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 More leading women speak out in favor of father's role

family courts

                         Billboard by ncfcnh.org


by Rachel Alexander June 3, 2013


Newscast Media LOS ANGELESA new group is emerging that may finally change the way Family Courts treat mothers and fathers.

Currently, the default in most states is to award the lion's share of the time with the children to mothers, and require the father to pay child support. This is unfair to fathers, and has resulted in massive abuses within the system, leading to fathers committing suicide and being imprisoned.

A new organization I am a part of, Leading Women for Shared Parenting, seeks to remedy this inequality by having women and mothers speak up in favor of shared parenting. When legislators realize that women themselves are in favor of reversing this bias, they should finally change the laws to make the default a presumption of 50/50 equally shared custody.

Fathers' rights organizations have tried for years to change the status quo, but have not quite pulled it off, no doubt due to the growing stigma against men in society. Being called sore losers and deadbeats who only want to lower their child support has marginalized them.

Continually, between 78 and 87 percent of both men and women support shared parenting – and there is no statistical difference between the sexes. Dr. William Fabricius, an Associate Professor of Psychology of at Arizona State University, discovered these results when polling residents in Pima County, Arizona. He also found that polls taken in Canada and a vote in Massachusetts revealed very similar results. But sadly, Fabricius writes, "there is a very sizable gap between current popular views strongly favoring equal custody, as reflected in polls and votes on custody allocation, and actual legal outcomes."

The reason we don't have shared parenting is because it's a big business. Family law attorneys make too much money off the years of legal fighting, and the state bar associations help their own keep their greedy claws controlling the system by lobbying state legislatures to oppose shared parenting bills.

There is significant research showing that shared parenting is best for kids. There are over three dozen medical studies which indicate that shared parenting arrangements – joint decision-making and near-equal parenting time – provide the best outcomes for children. The studies also reveal that parenting time of every other weekend, commonly ordered by judges, is harmful to children.

The stereotype that women are more nurturing than men has been challenged by a study published a couple of years ago in the Proceedings of the National Academy of Sciences. The study found that fatherhood awakens men's nurturing side. Testosterone levels in men fall 30 percent after they become fathers, and even more when the children are infants and when the fathers are significantly involved with child rearing.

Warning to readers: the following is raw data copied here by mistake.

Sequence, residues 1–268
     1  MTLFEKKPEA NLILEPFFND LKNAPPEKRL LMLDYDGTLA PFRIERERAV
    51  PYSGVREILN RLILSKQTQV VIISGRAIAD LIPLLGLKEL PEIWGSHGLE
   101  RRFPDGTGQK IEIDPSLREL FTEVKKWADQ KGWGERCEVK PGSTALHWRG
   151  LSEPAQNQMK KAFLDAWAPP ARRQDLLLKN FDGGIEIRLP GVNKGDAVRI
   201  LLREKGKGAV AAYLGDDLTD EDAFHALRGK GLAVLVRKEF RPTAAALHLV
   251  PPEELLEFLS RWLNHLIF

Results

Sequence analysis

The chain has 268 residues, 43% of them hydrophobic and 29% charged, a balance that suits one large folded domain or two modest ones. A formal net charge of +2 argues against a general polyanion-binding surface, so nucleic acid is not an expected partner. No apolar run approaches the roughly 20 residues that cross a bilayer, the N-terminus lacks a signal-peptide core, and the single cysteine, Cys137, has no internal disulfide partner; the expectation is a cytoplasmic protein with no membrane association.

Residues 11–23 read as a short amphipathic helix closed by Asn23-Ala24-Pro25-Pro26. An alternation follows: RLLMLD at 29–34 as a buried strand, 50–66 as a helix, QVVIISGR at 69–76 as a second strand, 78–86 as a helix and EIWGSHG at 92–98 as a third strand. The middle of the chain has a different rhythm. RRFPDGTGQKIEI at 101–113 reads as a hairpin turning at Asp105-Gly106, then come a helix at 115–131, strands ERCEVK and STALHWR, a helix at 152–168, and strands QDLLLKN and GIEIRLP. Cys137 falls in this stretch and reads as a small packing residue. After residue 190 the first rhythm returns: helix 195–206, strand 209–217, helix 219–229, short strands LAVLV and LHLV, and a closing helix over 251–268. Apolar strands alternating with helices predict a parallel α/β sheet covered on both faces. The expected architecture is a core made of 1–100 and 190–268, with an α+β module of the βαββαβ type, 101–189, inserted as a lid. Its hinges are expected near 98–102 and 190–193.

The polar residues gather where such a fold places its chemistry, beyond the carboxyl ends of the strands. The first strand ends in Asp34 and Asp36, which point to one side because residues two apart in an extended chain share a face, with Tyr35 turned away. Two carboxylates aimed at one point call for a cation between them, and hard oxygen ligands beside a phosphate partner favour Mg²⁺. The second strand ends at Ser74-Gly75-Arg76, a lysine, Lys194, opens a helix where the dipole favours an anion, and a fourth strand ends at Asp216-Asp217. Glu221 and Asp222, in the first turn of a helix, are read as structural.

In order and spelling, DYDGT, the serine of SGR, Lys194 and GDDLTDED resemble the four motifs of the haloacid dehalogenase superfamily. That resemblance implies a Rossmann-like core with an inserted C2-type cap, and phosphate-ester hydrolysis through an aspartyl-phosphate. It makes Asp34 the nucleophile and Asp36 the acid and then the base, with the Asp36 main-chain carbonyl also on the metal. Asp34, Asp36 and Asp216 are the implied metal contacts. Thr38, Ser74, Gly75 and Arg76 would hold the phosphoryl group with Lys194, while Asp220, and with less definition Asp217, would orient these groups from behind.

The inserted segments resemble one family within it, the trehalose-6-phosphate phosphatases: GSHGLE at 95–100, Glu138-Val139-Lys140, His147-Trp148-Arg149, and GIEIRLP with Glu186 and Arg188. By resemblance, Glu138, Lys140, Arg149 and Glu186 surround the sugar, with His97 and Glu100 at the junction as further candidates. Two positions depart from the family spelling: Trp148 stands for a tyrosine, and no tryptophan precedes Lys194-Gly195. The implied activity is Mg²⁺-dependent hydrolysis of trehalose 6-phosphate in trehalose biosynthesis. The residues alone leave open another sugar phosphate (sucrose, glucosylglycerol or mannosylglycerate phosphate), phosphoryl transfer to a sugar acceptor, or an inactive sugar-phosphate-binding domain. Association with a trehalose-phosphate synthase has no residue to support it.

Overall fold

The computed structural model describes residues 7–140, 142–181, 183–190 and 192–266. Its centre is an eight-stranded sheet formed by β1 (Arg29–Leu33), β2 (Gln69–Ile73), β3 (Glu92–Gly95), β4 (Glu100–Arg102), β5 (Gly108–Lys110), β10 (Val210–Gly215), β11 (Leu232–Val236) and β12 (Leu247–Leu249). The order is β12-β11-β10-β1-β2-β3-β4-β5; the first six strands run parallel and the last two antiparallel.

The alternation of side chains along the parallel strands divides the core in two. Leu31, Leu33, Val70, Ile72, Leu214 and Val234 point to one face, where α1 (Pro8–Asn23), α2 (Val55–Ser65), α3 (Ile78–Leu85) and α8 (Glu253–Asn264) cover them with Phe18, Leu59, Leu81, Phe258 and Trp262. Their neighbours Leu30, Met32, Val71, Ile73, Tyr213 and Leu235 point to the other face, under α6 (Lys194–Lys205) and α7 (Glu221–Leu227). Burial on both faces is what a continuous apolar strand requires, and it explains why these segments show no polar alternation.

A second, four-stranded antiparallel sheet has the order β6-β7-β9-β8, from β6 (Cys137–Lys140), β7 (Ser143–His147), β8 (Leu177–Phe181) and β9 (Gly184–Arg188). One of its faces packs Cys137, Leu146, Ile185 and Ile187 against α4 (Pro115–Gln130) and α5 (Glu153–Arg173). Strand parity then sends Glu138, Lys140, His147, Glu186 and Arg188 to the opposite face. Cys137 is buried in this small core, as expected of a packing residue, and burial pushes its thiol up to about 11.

According to a report released this month from Pew Research Analysis, women aren't staying at home anymore, dependent upon men earning an income to support them. Mothers are the sole or primary source of income for a record 40 percent of households with children. This is almost a 400 percent increase from 1960, when just 11 percent of mothers were the breadwinners.

What sister, mother, grandmother, or daughter hasn't had a brother, father or son suffer within the unjust family law system? Many women end up helping their male relative pay his child support and legal fees. I have no children of my own, but have spent money and countless hours helping male relatives with legal proceedings related to child custody and child support.

No doubt as a result of this broad unfairness, the women who are a part of this new organization surprisingly range from conservative Phyllis Schlafly to a former president of the feminist National Organization of Women. With agreement all across the political spectrum, there is a tremendous chance that state legislators will be able to fight off the slick lobbyists from bar associations and pass shared custody legislation.

Legislators must also fight against pressure to substitute watered-down bills that do not provide for approximately 50/50 shared custody. "Joint custody" is often little more than a semantic difference from "sole custody." Joint custody generally gives one parent much more time and control, as well as child support from the other parent. Unless one parent has committed abuse, serious crimes, or similar circumstances, the default should be a presumption of equally shared parenting.

Children – including daughters – who were withheld from their fathers while growing up, who saw their fathers living out of their cars and crippled financially, have now become adults and are saying enough. It is way overdue to stop appeasing Big Law at the expense of families. Now, a group of Leading Women is speaking out

   — Rachel Alexander is an attorney, and the editor of the Intellectual Conservative.                                     Add Comments>>







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